- Finally, you have to be resilient. As a researcher, you will no doubt have to deal with rejection of papers and grants, which can be hard to take. But rejection is just part of a researchers life and the higher you aim, the more likely it is you will suffer. Many leading journals have rejection rates greater than 80% and some above 90% if not more; so if you submit your work to these journals you will likely suffer rejection. Also, funding is becoming increasingly competitive, and success rates can be very low. But you just have to move on, take on board the comments of the reviewers (which in most cases are helpful), and use them to improve your work. Also, get your colleagues to act as friendly reviewers before you submit your paper or proposal. And consider asking someone from outside your area of research to take a look as they can tell you whether or not you have articulated the importance of your to a wider audience.
I recall going to an Editorial Board meeting for the journal Ecology Letters, which was like a who’ who of ecology. The senior editor at the time, Michael Hochberg, asked us if Ecology Letters had ever rejected our work. Everyone in the room put up their hands…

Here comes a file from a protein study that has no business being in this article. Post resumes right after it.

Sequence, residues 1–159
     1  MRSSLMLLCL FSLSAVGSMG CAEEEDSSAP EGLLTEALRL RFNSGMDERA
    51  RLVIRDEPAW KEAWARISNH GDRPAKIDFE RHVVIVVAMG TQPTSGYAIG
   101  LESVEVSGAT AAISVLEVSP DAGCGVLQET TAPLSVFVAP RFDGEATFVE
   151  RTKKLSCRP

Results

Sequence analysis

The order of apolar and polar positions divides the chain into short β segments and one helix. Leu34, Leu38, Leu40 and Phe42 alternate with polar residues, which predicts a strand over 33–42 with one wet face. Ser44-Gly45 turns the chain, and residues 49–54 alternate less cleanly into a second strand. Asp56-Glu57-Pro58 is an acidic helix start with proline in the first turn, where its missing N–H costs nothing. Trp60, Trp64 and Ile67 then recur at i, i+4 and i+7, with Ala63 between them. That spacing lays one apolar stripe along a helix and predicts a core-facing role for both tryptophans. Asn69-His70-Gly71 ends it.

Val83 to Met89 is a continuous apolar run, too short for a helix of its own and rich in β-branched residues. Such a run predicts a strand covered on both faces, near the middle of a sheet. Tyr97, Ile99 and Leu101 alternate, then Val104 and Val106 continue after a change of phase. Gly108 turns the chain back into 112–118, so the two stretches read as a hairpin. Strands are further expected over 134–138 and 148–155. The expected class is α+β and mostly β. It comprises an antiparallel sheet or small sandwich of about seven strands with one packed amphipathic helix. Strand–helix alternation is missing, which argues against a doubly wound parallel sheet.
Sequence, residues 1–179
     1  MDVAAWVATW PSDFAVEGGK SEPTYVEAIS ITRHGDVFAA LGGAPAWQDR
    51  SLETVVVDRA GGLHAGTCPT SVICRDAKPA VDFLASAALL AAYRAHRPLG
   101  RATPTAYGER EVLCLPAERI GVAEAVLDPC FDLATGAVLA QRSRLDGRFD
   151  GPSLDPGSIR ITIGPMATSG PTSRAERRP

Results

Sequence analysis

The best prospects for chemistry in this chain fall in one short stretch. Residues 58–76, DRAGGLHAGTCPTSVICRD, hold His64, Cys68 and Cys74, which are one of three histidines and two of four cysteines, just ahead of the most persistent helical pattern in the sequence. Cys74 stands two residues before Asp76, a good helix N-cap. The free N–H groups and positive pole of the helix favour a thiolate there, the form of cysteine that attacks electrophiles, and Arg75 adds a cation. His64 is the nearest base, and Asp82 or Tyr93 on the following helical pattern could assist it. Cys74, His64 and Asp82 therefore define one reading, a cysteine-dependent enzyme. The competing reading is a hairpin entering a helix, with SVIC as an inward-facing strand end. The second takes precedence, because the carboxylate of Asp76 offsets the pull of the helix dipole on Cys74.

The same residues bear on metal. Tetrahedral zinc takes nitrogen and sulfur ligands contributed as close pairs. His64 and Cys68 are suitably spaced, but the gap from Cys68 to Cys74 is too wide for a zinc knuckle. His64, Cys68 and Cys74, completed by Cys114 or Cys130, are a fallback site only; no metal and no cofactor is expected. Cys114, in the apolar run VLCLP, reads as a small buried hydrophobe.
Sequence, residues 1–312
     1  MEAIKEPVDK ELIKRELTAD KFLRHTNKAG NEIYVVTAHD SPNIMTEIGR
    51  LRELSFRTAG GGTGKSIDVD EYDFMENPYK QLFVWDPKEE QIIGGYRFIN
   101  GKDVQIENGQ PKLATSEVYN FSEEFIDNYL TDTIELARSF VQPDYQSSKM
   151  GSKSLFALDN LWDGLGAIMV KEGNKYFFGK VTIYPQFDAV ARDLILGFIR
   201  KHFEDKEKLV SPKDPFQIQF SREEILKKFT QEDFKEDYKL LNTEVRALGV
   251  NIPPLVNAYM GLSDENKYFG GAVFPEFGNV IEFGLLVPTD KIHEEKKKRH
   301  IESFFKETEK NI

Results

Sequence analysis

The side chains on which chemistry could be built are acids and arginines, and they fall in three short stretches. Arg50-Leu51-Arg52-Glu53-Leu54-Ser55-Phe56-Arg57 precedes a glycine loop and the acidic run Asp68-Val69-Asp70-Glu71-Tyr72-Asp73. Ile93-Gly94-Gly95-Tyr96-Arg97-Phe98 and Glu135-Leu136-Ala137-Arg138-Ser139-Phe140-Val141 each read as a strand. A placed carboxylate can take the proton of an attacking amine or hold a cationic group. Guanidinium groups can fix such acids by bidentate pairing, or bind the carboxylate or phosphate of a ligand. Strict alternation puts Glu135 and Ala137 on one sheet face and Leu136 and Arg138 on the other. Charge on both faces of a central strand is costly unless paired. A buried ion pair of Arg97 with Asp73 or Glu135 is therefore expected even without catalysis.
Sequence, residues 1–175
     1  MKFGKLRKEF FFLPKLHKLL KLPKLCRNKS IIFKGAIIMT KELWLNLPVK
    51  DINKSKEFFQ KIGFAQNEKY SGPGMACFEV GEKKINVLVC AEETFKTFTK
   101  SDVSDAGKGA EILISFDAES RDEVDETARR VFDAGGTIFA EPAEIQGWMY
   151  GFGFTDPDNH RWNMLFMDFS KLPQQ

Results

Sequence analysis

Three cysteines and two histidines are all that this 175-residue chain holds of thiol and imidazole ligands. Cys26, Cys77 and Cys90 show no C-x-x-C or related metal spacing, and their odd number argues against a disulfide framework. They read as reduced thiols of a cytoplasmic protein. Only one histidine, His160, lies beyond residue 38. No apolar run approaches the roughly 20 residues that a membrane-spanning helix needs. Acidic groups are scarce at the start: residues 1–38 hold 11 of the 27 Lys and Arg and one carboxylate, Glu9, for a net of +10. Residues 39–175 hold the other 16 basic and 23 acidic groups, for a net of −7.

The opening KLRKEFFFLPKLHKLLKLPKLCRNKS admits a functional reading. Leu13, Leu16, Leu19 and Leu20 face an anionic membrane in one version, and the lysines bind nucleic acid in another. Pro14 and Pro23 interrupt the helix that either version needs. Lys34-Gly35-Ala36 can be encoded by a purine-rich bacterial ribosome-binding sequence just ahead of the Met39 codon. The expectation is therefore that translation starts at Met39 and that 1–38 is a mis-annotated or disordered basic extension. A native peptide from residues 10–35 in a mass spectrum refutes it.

Author: Richard Bardgett
Richard Bardgett is Professor of Ecology at The University of Manchester. He has studied soils and their ecology in many parts of the world, and authored several books, including the Biology of Soil (2005) and Earth Matters: How Soil Underpins Civilization (2016). He has published over 260 papers and is recognized as a Highly Cited Researcher, and acts as a Senior Editor of the Journal of Ecology. He serves on several funding panels and advisory boards, and was elected a Fellow of the Royal Society of New Zealand in 2006, the Royal Society of Biology in 2011, and a member of Academia Europaea in 2015. He is currently President Elect of the British Ecological Society.
Bardgett, R. D., Marsden, J. H., & Howard, D. C. (1995). The extent and condition of heather on moorland in the uplands of England and Wales. Biological Conservation 71, 155-161.